Why MotoGP is unlikely any time soon for Superbike champion - The Race
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Why MotoGP is unlikely any time soon for Superbike champion

Jun 15 2022
By Simon Patterson

Reigning World Superbike champion Toprak Razgatlioglu’s management has reiterated he is not prepared to move from the production racing series to MotoGP unless it is a switch directly to a factory team.

That position means it is now increasingly unlikely Razgatlioglu will ever ride prototype bikes on a full-time basis.

Razgatlioglu is managed by six-time World Supersport champion Kenan Sofuoglu, now a senator in his native Turkey since retiring from racing.

Sofuoglu has taken a hardline stance for some years, and seems to have stepped up his demands even as MotoGP loses one of its factory options, Suzuki, at the end of 2022.

Razgatlioglu and Sofuoglu were first offered the chance by Yamaha to make the move for 2022, with a switch from its WSB effort to satellite MotoGP squad RNF. But they rejected this, instead saying Razgatlioglu were focused on winning the WSB crown – something he achieved last year.

The goalposts seem to have moved again, though, with Sofuoglu now waiting to see how his protege performs when given his first chance to test MotoGP machinery this week at Aragon alongside Yamaha test rider Cal Crutchlow before making the latest decision on his career.

“We don’t yet know if Toprak will love the MotoGP bike or not,” he told German website Speedweek. “Toprak didn’t start the season well, not like a champion.

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“So I don’t want him to get further confused with MotoGP stories.

“First Toprak has to do a good job in World Superbike before he goes into World MotoGP – if he really wants that.

“I made one thing clear to Yamaha from the start. If Yamaha makes us an offer for the MotoGP factory team, then we will consider it. Toprak has a two-year Superbike contract, but if Yamaha wants him on the factory MotoGP team then that’s possible. And only then.”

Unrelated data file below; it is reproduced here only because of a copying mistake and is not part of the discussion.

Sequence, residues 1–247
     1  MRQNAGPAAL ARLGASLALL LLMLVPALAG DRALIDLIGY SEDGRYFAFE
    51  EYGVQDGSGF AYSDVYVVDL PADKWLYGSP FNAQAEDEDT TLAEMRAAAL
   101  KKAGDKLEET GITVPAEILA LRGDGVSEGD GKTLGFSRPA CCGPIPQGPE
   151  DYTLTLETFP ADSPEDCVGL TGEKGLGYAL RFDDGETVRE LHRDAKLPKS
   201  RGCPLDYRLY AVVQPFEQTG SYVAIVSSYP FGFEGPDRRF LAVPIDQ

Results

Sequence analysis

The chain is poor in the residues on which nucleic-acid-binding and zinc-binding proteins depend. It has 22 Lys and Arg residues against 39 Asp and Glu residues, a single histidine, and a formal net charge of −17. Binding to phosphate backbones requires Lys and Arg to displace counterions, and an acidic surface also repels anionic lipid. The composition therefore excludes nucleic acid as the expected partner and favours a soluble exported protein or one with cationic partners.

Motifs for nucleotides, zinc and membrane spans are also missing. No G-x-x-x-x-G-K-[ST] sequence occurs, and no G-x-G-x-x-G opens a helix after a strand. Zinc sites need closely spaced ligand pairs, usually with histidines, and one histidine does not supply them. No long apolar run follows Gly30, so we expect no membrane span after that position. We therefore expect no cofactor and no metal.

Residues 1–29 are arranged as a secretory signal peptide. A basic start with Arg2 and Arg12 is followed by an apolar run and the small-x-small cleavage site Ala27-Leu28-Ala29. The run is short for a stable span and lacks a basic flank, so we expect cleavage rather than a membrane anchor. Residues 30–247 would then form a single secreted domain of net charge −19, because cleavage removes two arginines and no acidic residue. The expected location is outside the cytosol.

Further complicating matters in the interim, though, is the tricky title defence so far made by the 25-year-old Razgatlioglu that Sofuoglu referenced.

Razgatlioglu only took his first win of 2022 at Misano last weekend, eleven races into the year. He currently sits third, a significant 79 points adrift of standings leader Alvaro Bautista.

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Making the switch directly from World Superbike to a factory MotoGP team would be an almost unheard-of move, one that hasn’t happened for any rider in modern history – at least not to a championship-winning team like Yamaha.

Previous WSB champions or frontrunners who have made the move, such as Ben Spies and Cal Crutchlow, have eventually earned factory status – but, like any series rookies, they did so by first debuting in satellite teams and working their way up.

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That is something Sofuoglu has insisted isn’t an option for his rider.

“[Yamaha team boss Lin] Jarvis was talking about the B-team,” he told Speedweek. “But we don’t want that, Toprak won’t drive for a B-team.

“There is zero chance for that, not 1%. Toprak doesn’t dream of riding for just any MotoGP team. If Yamaha really wants him, they have to put him in the factory team.”

The problem for Razgatlioglu is that there isn’t a space at the factory Yamaha team for 2023, given that the admittedly underperforming Franco Morbidelli already has a contract – one written by Valentino Rossi’s management agency, and likely as a result to be airtight.

Further complicating the issue, with the defection of satellite team RNF to Aprilia for 2023, is that Yamaha has been left without a satellite squad for the first time in modern history – and is believed to be courting Rossi’s VR46 squad for a switch when its own deal with Ducati expires at the end of 2023.

Sofuoglu has further opened up the possibility of speaking to other brands too – but given that other teams have considerably stacked rider rosters for the near future, it’s hard to see how he fits into a factory seat at the likes of Ducati (currently trying to manage its own factory seat succession issues) or KTM (which has an embarrassment of riches in the lower ranks).

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“Toprak is free for 2024,” Sofuoglu admitted. “I’ll talk to Ducati and Yamaha, I’ll talk to any brand that Toprak wants to ride for.

“I don’t think we will be in MotoGP in 2023. I have always said that two conditions must be met for this to happen.

“Firstly, he would have to win a lot of races in the first half of the Superbike season. And secondly, he would have to be placed in the MotoGP factory team.”

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